• Herman Arentsen

      One correction: Dathan and Aviram wre also from the tribe of Reuven.

  • lj

    On was of the tribe of Reuven – the rebellion sourced from the tribe of Li'viim

  • Hong

    I think-maybe- the difference between korah and another, is that Korah raised a question concern about holiness (spiritual level), but the others raised the ultimate question:that’s, go to the promised land or back to Egypt?and this question been raised again and again through all the journey in desert forty years and cause 60.0000 men(whole generation) died.

    • Diana Brown

      I just watched this video that says Korach was grieved because he now knows he will die in the desert after the report of the 10 caused Israel to doubt whether they should enter the Land or not. His grief turned to rage. It is very insightful to think about Korach contemplating reality…

    • Debbye Japp

      I can see this as a logical thing they would do because isn't that the way things are today. You keep trying to get the lost ones you know and even the lost "churches" to come out of Eqypt and partake in the blessings of the Torah, but they choose to dwell with one foot in Egypt and one in the promised land, wanting to do things their own way and thinking they are still redeemed.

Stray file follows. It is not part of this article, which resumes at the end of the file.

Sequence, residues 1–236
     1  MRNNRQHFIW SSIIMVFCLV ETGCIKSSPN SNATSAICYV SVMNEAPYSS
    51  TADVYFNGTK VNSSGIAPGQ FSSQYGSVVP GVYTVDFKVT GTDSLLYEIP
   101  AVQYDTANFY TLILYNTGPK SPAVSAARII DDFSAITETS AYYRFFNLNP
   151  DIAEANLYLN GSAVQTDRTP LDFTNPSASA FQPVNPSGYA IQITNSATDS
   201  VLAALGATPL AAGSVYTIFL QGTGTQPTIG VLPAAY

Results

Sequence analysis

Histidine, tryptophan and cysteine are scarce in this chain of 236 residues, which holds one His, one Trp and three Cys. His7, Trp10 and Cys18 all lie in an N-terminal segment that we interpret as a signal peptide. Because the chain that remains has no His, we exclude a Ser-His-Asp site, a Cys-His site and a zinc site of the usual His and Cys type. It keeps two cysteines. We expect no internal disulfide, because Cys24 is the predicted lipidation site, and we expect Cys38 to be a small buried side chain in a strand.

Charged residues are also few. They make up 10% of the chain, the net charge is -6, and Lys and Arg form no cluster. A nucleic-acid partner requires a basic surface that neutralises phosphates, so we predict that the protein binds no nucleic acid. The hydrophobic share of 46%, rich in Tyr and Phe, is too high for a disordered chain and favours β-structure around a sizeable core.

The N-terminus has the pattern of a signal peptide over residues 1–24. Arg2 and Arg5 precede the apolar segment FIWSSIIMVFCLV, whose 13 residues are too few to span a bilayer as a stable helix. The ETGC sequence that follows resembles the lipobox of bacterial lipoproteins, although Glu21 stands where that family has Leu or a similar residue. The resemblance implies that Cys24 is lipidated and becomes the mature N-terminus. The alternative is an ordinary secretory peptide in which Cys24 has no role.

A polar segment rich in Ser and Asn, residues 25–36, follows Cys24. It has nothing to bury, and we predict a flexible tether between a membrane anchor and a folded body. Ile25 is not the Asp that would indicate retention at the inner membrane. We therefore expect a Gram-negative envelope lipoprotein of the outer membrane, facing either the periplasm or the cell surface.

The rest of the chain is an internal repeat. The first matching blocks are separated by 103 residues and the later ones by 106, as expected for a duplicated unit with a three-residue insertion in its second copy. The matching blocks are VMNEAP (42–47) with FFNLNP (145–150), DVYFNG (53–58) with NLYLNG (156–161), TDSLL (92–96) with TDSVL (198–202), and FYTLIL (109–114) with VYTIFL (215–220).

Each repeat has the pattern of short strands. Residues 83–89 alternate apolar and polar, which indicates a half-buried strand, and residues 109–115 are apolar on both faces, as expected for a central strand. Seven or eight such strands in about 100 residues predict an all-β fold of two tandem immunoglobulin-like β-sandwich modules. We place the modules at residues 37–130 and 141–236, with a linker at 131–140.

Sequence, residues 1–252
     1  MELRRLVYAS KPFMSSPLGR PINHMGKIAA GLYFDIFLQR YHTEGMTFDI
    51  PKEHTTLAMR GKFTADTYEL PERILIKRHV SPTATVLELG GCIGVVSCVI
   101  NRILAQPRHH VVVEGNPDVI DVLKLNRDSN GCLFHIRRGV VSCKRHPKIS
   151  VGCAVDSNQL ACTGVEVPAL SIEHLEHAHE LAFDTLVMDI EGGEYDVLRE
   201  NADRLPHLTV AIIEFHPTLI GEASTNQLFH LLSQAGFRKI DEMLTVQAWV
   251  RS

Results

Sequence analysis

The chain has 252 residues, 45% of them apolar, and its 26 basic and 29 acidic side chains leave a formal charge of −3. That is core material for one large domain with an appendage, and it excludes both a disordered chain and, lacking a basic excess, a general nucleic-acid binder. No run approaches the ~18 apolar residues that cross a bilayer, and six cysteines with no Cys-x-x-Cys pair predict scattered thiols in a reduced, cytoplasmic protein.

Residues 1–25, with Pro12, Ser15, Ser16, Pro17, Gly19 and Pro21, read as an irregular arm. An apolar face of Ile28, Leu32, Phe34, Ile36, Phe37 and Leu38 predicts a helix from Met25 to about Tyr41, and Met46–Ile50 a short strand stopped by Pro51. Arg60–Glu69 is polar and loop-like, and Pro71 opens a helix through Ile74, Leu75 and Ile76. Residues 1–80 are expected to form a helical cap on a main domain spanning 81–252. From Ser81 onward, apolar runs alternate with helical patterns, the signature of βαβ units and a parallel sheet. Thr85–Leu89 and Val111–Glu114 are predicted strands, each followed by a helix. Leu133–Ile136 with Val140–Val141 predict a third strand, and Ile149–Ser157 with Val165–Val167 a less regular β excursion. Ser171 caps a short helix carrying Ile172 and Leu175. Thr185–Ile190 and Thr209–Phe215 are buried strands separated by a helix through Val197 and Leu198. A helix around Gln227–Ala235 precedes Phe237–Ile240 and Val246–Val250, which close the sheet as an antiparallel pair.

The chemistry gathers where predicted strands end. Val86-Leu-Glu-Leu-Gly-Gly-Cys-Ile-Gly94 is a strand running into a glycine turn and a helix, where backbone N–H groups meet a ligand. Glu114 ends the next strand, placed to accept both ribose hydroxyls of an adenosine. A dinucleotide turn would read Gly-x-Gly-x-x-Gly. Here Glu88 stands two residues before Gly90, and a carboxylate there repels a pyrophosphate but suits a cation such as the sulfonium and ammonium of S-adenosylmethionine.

• Diana Brown

    The Lord allows for repentance at any stage of life or when you are involved in something. That is why Mercy triumphs Judgment. Perhaps On initially bought into Korah’s complaints and then came to himself and said…”I see another golden calf arising from this trouble and I am not partaking of this.”
    Could that be the reason? We know Korah’s sons wrote some of the Psalms so they were allowed to reason and choose for themselves.

    • Dr. Anita Rosenfield

      According to Midrash, On's wife was flabbergasted to think that her husband would join the rebellion, so she fed him a huge dinner with lots of wine so he fell into a deep sleep. When Datan and Aviram came to get him the next day, she wouldn't let them into their tent, said he was sick and was sleeping, so they went on without him. She saved her husband.

      With regard to repentance, I found an amazing insight from Psalm 92–the last part with which others may be familiar because it's a beautiful tune: Tzadik k'tamar yifrach k'erez bal'vanon yisgah. . . . If you look at that first line (which translates as A righteous person, like the date palm, will blossom) and note the last letter of each of those three words, you'll see kuf reish chet, which is Korach's name. His offspring became psalmists who sang in the Temple, and the prophet/judge Samuel was his descendant. This suggests that, having literally hit rock bottom, he ultimately repented and his soul attained the status of a tzadik. Is that not mind-blowing–t'shuvah''as Diana said, "The L-rd allows for repentance at any stage of life . . . " On was saved by his wife, but Korach repented on his own.